The Allahabad High Court on Wednesday observed that an informant, who feels that a proper or fair investigation is not being done by the investigating officer may approach the Magistrate for relief by moving an application under Section 156(3) of the Code of Criminal Procedure.
The division bench of Justices Surya Prakash Kesarwani and Shamim Ahmed passed this order while hearing a petition filed by Ajay Kumar Pandey. The controversy involved in the writ Petitions are Sections 2(c), 2(d), 2(g), 2(h), 36 and 156, Cr.P.C.
The writ petitions have been filed by the petitioners praying for a direction to the concerned police authorities for fair and proper investigation in criminal cases in which investigation is going on.
The petitioners are justified to file writ petitions under Article 226 of the Constitution of India without approaching the concerned Magistrate under Section 156(3) of the Code of Criminal Procedure, 1973 for fair and proper investigation.
Counsel for the petitioners submitted that an important facet of the rule of law is that in the criminal justice system, investigation into the crime should be fair, in accordance with law and should not be tainted.
Therefore, if the investigating authority is not fairly and properly investigating into crime then, this Court has power to issue appropriate directions under Article 226 of the Constitution of India.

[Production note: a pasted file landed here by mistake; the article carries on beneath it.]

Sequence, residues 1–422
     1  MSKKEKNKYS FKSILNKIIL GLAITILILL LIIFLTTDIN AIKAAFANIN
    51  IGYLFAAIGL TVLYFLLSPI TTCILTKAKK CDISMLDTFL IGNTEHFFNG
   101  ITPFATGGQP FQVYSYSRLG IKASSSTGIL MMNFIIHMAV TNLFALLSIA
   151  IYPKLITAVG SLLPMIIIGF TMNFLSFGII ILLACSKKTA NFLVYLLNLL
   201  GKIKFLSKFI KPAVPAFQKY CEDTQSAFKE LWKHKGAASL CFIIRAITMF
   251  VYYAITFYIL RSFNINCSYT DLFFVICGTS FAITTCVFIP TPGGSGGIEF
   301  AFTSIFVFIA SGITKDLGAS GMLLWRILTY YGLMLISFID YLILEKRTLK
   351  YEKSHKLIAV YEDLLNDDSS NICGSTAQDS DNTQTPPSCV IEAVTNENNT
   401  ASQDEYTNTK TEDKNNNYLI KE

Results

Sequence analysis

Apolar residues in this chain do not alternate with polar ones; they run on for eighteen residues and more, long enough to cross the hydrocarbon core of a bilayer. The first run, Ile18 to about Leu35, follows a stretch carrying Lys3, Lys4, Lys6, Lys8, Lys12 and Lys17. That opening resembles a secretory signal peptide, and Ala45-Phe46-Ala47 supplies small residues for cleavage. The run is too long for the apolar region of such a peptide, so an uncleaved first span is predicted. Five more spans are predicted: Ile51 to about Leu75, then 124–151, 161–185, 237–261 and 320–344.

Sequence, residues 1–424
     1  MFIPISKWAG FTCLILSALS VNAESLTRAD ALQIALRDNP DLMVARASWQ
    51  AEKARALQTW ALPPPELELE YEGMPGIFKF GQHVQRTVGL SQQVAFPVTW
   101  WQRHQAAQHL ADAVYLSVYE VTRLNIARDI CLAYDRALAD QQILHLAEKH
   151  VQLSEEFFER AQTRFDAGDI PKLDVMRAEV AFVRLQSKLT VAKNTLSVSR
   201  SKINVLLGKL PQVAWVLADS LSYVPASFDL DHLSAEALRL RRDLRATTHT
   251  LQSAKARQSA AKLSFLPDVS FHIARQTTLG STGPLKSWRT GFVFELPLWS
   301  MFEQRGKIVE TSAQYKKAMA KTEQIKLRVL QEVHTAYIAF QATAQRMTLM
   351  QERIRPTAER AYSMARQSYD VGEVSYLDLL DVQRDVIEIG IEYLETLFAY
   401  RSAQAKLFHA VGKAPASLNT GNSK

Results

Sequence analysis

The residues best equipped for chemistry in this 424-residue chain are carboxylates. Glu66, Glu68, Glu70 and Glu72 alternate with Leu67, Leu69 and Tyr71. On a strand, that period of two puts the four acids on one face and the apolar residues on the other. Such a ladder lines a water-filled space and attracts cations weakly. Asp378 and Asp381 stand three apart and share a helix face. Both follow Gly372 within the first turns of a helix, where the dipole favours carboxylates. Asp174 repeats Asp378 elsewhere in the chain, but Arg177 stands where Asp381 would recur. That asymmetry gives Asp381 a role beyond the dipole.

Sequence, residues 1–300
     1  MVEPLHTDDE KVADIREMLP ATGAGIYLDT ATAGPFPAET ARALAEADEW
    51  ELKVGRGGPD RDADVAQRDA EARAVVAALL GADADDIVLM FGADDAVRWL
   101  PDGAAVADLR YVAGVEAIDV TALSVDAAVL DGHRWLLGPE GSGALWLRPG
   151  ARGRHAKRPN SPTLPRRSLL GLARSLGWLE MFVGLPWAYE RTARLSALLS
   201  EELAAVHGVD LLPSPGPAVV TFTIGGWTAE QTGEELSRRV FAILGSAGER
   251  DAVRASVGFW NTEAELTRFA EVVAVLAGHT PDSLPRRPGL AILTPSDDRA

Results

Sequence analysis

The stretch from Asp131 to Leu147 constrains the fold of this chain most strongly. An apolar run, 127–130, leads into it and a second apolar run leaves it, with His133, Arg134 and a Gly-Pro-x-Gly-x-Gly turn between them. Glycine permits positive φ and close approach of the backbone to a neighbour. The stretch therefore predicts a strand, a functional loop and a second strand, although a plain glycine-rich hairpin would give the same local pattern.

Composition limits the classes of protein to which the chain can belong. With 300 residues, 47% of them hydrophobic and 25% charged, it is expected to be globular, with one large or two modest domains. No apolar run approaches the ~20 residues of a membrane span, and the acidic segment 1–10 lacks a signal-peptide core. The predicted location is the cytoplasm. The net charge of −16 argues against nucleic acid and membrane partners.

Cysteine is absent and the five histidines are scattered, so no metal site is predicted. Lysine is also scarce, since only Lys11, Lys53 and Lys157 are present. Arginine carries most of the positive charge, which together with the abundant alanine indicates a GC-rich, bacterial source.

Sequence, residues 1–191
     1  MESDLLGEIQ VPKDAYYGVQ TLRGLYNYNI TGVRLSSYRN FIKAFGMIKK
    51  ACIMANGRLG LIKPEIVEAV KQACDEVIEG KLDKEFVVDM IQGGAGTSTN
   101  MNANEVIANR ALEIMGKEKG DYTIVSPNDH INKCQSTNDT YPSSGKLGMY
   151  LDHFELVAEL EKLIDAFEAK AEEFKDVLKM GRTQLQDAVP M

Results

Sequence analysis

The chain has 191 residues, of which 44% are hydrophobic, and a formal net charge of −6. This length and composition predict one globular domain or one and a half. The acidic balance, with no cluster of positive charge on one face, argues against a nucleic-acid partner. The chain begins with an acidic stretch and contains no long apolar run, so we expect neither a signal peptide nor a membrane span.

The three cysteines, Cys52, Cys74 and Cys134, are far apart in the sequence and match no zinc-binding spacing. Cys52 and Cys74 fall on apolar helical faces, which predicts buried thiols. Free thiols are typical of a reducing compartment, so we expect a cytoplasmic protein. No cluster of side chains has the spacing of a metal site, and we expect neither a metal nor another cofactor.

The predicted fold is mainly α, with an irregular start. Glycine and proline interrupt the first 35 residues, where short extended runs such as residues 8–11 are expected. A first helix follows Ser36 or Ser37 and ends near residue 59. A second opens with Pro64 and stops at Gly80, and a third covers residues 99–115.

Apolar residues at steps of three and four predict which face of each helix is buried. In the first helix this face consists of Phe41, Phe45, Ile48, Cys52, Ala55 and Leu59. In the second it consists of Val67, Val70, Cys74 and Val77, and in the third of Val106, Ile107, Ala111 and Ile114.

They further submitted that once the power is available to this Court, there is no need to invoke the powers of the concerned Magistrate under Section 156(3) of the Code of Criminal Procedure, 1973.
The A.G.A. submitted that the Magistrate has the power under Section 156(3) of the CrPC to order a fair and proper investigation and, therefore, the petitioners should have approached the concerned Magistrate for redressal of their grievances.
The Court held that the criminal justice system mandates that any investigation into the crime should be fair, in accordance with law and should not be tainted.
“It is equally important that interested or influential persons are not able to misdirect or hijack the investigation, so as to throttle a fair investigation resulting in the offenders escaping punitive course of law. These are important facets of the rule of law. Breach of rule of law amounts to negation of equality under Article 14 of the Constitution of India,” said the Court.
The bench stated that Article 21 of the Constitution of India makes it clear that the procedure in criminal trials must be right, just and fair and not arbitrary, fanciful or oppressive.
A fair trial includes fair investigation as reflected from Articles 20 and 21 of the Constitution. If the investigation is neither effective nor purposeful nor objective nor fair, the courts may if considered necessary, may order fair investigation, further investigation or re-investigation as the case may be to discover the truth so as to prevent miscarriage of justice.
The Court advised the petitioners to approach the concerned Magistrate and dismissed all the petitions accordingly.
“In view of the discussions made above, we hold that if an informant/Petitioner is aggrieved that proper/ fair investigation is not being done by the investigating officer, then he/ she may approach the concerned Magistrate by moving an application under Section 156(3) Cr.P.C. for appropriate orders instead of invoking writ jurisdiction under Article 226 of the Constitution of India”. the order reads.